Det. Mario Fernandez of the Agricultural Patrol found knives, bolt cutters and a machete in a box-like alcove behind the animal cages, abutting a shack containing dirty sofas and a filthy kitchen.
Tacked to a kitchen wall he found what appeared to be an order list for $830 worth of animals, plus a $50 delivery charge.
Fernandez said the suspects told him they knew of the previous week’s raid, at VIP Animal Sales, Krome Avenue and Southwest 257th Street, and “were aware that police were coming’’ to the area.
“But they were surprised that they were next,’’ Fernandez said. “They denied any slaughter was going on.’’
Also on hand during Friday’s raid: a Miami-Dade Code Enforcement officer who compiled a lengthy list of violations.
The incident seemed like a rerun of the VIP raid, during which police served warrants also based on Animal Recovery Mission undercover videos.
Of four suspects arrested in the VIP raid, two, Daniel Lombana, 36, and Jesus Navarro, 51, remain in custody. Andre P. Martinez, 45, and Juan M. Bazan, 51, bonded out of jail.
Agricultural Patrol Lt. Sheree Di Bernardo said that although the raids can’t stop all illegal slaughter in the area, “we’re getting a handle on it. We want to put them out of business.’’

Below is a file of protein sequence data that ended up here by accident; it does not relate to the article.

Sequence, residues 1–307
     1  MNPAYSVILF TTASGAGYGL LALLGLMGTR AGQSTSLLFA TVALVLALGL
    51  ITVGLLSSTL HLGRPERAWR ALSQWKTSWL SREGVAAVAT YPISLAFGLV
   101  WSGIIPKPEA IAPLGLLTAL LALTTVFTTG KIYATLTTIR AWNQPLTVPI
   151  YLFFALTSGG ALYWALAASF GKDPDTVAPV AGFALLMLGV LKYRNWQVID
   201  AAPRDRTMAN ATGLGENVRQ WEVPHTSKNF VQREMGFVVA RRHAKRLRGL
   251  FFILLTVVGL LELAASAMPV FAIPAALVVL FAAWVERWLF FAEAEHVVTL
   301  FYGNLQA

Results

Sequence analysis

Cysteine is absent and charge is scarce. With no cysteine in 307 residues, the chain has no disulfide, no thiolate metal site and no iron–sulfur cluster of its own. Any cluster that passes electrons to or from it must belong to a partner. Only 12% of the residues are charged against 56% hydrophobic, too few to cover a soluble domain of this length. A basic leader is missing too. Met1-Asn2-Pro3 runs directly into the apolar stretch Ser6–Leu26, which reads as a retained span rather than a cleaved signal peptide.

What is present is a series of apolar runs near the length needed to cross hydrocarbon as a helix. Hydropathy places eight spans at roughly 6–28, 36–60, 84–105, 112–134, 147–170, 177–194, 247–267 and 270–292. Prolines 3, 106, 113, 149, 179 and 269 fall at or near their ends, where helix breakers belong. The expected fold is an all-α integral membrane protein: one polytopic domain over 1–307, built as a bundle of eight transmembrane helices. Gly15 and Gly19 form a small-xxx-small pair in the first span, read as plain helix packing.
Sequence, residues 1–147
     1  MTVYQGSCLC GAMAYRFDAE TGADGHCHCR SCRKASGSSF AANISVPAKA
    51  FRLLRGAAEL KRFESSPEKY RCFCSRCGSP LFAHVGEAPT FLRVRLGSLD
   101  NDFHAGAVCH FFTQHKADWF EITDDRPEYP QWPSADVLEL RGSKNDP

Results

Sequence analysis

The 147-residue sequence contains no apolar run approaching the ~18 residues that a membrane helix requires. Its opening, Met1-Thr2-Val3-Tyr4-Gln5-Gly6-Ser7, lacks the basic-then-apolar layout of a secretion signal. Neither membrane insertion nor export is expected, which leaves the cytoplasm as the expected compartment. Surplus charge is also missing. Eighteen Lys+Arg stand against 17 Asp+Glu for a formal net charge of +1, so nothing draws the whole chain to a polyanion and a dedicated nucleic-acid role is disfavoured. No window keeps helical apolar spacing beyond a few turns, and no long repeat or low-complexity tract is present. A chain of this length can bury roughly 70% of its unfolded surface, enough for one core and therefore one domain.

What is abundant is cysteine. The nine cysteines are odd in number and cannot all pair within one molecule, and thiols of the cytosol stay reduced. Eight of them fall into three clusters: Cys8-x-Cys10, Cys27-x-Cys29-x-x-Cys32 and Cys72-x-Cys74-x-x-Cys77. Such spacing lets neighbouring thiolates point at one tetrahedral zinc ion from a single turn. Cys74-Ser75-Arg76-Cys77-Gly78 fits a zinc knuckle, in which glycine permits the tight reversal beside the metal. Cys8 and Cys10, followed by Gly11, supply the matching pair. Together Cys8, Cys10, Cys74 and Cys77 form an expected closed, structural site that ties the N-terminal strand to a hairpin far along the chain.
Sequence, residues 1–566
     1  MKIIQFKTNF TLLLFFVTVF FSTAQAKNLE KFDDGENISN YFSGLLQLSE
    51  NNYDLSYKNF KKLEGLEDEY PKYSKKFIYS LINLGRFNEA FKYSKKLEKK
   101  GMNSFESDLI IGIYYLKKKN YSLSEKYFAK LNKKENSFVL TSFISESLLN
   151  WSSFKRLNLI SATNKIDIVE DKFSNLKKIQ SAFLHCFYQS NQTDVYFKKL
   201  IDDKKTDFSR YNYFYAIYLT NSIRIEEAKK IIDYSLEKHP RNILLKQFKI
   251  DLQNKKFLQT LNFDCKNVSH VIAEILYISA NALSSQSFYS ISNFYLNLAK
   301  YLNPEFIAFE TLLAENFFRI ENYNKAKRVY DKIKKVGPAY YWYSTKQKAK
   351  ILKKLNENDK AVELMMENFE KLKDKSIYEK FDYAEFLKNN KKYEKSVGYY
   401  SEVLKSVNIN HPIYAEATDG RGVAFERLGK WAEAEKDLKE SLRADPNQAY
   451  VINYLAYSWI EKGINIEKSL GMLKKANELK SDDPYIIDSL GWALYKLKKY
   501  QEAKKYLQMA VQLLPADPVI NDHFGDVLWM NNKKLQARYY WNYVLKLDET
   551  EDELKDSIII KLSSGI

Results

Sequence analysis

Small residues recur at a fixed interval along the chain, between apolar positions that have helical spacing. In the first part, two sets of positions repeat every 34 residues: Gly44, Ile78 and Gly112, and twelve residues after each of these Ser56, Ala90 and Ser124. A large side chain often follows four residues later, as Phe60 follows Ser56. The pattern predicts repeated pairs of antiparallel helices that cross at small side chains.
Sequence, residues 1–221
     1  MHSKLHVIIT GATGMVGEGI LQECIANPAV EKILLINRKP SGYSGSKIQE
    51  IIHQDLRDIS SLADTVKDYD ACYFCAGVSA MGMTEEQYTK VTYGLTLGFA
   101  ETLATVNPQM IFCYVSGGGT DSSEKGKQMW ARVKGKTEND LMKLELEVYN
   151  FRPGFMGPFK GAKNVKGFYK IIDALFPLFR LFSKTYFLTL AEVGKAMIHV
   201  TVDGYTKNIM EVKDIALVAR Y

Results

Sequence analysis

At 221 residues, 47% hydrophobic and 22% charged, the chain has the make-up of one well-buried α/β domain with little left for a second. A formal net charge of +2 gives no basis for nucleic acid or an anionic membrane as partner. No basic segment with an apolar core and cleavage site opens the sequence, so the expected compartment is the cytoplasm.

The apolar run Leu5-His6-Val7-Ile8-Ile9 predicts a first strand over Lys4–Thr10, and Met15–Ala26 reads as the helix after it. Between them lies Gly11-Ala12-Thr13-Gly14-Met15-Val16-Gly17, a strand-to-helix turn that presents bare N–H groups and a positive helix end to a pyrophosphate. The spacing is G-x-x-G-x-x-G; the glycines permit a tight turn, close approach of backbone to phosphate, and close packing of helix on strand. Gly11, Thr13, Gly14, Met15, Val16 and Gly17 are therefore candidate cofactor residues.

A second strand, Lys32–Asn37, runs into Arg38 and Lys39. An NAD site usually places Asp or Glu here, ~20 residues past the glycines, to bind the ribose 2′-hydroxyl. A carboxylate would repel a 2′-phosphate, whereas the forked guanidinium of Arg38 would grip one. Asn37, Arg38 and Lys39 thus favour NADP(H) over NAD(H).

She praised Animal Recovery Mission for collecting the evidence and veteran prosecutor Susan Dannelly for “working tirelessly putting the warrants together.’’
Dannelly, who prosecuted the notorious “Baby Lollipops’’ case, which sent a mother to Death Row for the 1990 murder of her son, said that helpless animals deserve the same compassion as helpless humans.
“All the work is worth it because I perceive my job as speaking for people who have no voice, no power, no ability to fight to protect themselves, and animals are even more helpless, totally at the mercy of everyone they encounter.’’
She said through cruelty prosecutors, “we hope to educate people about how wrong it is. It’s a life.’’